Fundamental Forecast for Japanese Yen: Bullish
- Yen crosses correlation to S&P 500 collapse – which is the better bellwether for sentiment
- Last week’s data allows for the BoJ to maintain a wait-and-see, but time is running out
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The Japanese yen put in for a mixed performance this past week versus its major counterparts. Yet, such a performance is much more disconcerting than the benign picture it seems to put on. While USDJPY, EURJPY and other key crosses were developing ranges, the speculative benchmark S&P 500 has forged new record highs. Is this a sign that yen’s steady depreciation (crosses advance) has hit a ceiling or is this a reflection on the quality of risk trends? It is likely a mixture of both, and that doesn’t bode well for bulls.
Over a longer period of time (60 trading days or 3 months), USDJPY has fostered an exceptionally strong 0.72 correlation to one of the market’s favored – or at least bombastic – measures of risk appetite trends: the S&P 500. Intuitively, that makes sense. In the traditional portfolio, equities represent the higher return asset that investors overweight in ‘good’ times. And, over years of playing the role of a funding currency for the carry trade (the currency we borrow in), the yen has played a similar role in FX where pairs like AUDJPY advance when the market is seeking greater exposure and yield.
Yet, the yen crosses relationship to risk is now proving a source of discord. Turning down the time frame, we find the two-week (10-day) correlation between USDJPY and the S&P 500 has dropped from over 0.90 (exceptionally strong) in the first half of month to -0.28 through Friday. Is this a reflection of the Bank of Japan and Japanese government losing their control over the steady depreciation of their currency? In recent months, we have seen data improve and officials back off of their verbal threats of more stimulus. While that might be encouraging for domestic investment, it curbs speculators’ appetite for the yen crosses. If the BoJ is not committing itself to a depreciation of the local currency, the argument for a long position has to be made on either a strong risk appetite or expectations for growing yield differentials – both factors of the carry trade.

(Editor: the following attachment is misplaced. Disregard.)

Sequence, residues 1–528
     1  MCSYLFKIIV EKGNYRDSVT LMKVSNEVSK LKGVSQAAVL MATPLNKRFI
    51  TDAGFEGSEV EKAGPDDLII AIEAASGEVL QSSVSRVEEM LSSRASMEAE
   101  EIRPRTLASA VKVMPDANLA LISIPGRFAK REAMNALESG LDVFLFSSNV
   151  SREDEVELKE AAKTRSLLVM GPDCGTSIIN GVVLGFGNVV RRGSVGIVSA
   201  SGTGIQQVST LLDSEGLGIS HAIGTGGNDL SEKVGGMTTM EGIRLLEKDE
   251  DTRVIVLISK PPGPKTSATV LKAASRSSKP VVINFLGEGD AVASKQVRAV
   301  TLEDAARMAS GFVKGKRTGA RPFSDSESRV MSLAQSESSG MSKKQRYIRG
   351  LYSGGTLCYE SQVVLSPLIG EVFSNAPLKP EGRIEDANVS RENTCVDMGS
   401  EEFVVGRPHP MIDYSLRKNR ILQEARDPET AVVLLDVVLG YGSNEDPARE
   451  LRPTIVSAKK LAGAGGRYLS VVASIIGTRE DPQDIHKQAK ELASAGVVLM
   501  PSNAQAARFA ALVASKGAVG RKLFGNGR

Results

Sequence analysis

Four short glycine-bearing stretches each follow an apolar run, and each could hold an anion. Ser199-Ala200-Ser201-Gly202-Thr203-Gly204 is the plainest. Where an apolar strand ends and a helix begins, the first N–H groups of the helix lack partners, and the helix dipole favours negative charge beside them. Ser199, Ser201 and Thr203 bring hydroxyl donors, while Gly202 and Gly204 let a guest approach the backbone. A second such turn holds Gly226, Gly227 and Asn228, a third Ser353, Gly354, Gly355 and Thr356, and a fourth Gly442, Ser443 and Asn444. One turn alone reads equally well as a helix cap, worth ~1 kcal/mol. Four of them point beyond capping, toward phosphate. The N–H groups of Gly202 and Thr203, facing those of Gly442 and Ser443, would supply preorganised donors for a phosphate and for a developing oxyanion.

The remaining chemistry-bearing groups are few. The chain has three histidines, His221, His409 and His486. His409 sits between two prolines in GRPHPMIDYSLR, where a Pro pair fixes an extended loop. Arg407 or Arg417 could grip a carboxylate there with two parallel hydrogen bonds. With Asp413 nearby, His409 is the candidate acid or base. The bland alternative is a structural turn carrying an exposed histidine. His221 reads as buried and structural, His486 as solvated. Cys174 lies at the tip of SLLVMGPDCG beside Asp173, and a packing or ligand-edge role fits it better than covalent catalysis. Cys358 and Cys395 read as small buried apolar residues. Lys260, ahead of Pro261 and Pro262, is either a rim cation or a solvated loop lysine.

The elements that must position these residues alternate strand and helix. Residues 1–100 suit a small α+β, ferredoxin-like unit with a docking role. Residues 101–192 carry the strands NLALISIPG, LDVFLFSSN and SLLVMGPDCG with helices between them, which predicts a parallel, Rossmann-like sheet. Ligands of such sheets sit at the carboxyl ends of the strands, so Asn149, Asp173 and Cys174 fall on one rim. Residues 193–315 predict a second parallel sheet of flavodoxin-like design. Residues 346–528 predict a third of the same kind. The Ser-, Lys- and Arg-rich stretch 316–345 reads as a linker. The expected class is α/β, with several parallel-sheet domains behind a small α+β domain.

In terms of yields and yield growth, the outlook looks rather bleak. Benchmark lending rates across the developed world are still at record lows while aggregate market-based yields (from their 10-year government bonds) are still extremely depressed – far below mere cyclical lows. This means that there is little carry to be had historically speaking…and yet, the yen crosses are still 20-40 percent off of their record lows. That makes for fundamentally ‘expensive’ positions without an active participation by the central bank to maintain the momentum behind moral hazard and speculative front-running.
Six months ago, the prevailing forecast was for the central bank to upgrade its open stimulus program around one of the April meetings to coincide with the fiscal year end and the implementation of the sales tax hike. Yet shaky growth-based data, rising inflation (CPI) figures and tepid wage growth measures have given policymakers reason to rethink their QE efforts and traders to doubt their reliance.
The best way to reengage the yen crosses is through risk trends. However, we are not currently experiencing the ‘risk on’ sentiment that the S&P 500 seems to point to. Global equity indexes are trailing this move with the Nikkei 225 notably struggling with 15,000. Meanwhile, the emerging markets, high yield assets and other naturally sensitive asset classes are breaking stride with the US equity market. Of course, if conviction were to solidify in appetite for yield, the yen crosses could be urged to rally. Yet, the level of exposure, leverage, fundamental balance and now doubt says the more volatile scenario would be one where the yen crosses collapse alongside risk. - JK